NiTRO Creative Matters

Perspectives on creative arts in higher education

The escalating relevance of research in progress

As I began the journey of my PhD candidature, my main drive to proceed was a social conundrum. I wanted to explore and if I could, rationalise, the visceral empathy which at times many are affected by, when witnessing upheaval in the lives of those around us.

By Anna Van Stralen

As I began the journey of my PhD candidature, my main drive to proceed was a social conundrum. I wanted to explore and if I could, rationalise, the visceral empathy which at times many are affected by, when witnessing upheaval in the lives of those around us. The focus of my inquiry was the emotional connection I felt with the Syrian Civil war, interrogating the possible worth my response might have, as an artist and as a human. I began to write about the potential social value which ‘remote emotional connectivity’ might contribute to human culture, and how it might be thoughtfully expressed. I pondered whether an underlying understanding of our own tenuous relationship with personal wellbeing might account for the discomfiture many people feel when witnessing precariousness revealed in the lifeworlds of others.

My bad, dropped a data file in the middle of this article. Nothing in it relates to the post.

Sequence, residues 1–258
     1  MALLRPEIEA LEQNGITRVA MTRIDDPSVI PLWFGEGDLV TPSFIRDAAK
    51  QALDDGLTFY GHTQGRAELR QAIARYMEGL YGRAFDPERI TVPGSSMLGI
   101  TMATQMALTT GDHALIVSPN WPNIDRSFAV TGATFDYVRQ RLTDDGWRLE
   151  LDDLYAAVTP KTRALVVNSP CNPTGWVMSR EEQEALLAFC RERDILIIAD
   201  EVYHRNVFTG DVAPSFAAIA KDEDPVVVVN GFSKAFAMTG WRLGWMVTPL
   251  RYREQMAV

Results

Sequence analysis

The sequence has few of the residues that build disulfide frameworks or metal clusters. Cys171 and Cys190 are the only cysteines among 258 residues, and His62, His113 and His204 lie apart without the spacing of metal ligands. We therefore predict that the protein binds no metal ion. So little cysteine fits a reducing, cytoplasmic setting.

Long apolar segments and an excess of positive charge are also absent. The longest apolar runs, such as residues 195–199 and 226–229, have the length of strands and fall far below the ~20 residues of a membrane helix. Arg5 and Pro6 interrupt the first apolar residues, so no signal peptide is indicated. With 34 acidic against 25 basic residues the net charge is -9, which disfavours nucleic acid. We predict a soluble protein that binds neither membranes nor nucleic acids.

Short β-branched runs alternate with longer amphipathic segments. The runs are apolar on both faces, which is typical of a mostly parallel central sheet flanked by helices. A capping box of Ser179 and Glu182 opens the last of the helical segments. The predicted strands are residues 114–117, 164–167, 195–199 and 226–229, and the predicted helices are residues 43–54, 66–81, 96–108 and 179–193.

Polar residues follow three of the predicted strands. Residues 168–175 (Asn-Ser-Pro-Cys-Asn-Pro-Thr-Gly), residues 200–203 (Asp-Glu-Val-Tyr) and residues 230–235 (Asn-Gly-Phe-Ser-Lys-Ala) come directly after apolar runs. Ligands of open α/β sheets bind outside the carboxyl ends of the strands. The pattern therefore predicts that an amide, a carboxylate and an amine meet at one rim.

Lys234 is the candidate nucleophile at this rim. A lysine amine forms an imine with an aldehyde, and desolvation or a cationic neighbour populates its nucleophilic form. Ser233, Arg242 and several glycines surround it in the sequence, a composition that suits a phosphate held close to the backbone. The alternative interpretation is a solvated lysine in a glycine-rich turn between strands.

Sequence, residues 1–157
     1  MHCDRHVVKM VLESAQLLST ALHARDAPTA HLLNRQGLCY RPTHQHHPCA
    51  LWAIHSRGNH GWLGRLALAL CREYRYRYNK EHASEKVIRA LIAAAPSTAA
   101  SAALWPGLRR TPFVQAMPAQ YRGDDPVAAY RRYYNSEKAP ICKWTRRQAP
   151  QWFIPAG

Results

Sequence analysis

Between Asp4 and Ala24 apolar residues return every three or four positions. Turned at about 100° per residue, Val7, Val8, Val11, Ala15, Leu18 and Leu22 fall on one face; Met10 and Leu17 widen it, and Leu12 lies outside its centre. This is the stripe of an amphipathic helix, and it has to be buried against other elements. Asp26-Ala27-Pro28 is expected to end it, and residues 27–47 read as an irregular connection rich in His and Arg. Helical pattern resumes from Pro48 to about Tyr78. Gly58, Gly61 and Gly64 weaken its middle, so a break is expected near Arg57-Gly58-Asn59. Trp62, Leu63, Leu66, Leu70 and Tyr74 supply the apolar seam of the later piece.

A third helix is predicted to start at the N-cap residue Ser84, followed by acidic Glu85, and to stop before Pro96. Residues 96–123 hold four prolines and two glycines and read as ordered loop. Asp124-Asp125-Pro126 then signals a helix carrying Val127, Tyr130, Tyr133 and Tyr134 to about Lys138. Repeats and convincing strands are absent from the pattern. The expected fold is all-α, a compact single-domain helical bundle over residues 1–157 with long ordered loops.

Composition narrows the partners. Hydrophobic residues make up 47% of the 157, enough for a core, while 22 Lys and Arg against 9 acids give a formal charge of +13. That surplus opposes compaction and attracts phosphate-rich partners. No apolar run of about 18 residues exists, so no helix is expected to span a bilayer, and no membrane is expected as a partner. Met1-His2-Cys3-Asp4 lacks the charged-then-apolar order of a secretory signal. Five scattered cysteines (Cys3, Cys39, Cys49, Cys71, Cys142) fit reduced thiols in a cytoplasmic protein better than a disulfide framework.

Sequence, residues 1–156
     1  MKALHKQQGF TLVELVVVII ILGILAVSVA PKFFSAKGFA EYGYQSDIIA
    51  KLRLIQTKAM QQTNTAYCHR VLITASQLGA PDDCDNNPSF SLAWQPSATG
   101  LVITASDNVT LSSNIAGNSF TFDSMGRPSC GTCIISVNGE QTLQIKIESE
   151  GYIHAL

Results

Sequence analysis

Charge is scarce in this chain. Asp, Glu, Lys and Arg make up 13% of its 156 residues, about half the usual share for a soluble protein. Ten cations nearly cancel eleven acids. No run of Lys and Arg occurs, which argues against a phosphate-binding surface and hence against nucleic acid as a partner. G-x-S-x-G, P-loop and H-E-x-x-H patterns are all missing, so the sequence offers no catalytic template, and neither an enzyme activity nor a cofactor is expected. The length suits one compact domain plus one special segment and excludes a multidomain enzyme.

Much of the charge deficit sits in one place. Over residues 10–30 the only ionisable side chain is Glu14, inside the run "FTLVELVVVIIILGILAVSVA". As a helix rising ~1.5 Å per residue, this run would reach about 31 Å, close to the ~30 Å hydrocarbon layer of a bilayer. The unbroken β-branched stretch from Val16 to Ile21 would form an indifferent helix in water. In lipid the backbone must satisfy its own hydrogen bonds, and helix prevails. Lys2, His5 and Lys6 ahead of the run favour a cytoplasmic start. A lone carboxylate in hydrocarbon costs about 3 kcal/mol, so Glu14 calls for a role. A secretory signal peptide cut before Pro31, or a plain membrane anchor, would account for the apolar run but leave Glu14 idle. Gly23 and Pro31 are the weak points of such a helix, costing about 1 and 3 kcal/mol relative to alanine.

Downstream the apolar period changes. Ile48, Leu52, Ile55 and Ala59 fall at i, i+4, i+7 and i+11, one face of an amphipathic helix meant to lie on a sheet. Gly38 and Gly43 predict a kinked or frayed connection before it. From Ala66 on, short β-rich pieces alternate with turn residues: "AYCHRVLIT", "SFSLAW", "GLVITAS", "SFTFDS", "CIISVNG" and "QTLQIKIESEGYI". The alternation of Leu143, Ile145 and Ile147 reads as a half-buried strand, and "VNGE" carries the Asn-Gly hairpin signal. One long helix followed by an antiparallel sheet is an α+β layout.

The global pandemic was a harmonious if frightening addition to the breadth of experience I mined for my inquiry.

When COVID-19 swept through the global community at startling speed, I was stunned at the escalating relevance of my exegesis in progress. This relevance emerged visually, with its paintings of compromised spaces populated with vulnerable inhabitants, and in the written narratives pondering the underlying instability at the foundation of every individual. The global pandemic was a harmonious if frightening addition to the breadth of experience I mined for my inquiry. The impact this environment had on my personal life was much more destructive.

I have been fortunate as a mother and professional, to have the committed support of a kind set of parents who help care for my four-year-old son, giving me freedom to teach and to study. As lockdown came into full effect, and my parents, as vulnerable older people isolated themselves, I found myself required to learn how to teach remotely from a home in which I was also a parent, without the safety net of childcare. My studio at home is poorly ventilated, and I was unable to continue using the noxious chemicals needed for oil painting around a four-year-old child. These circumstances led to a derailment of my painting schedule, and difficulties finding time to work on my studies. I became continuously occupied with teaching and domestic chores, alongside relentlessly attempting to keep the boredom of an energetic little boy at bay.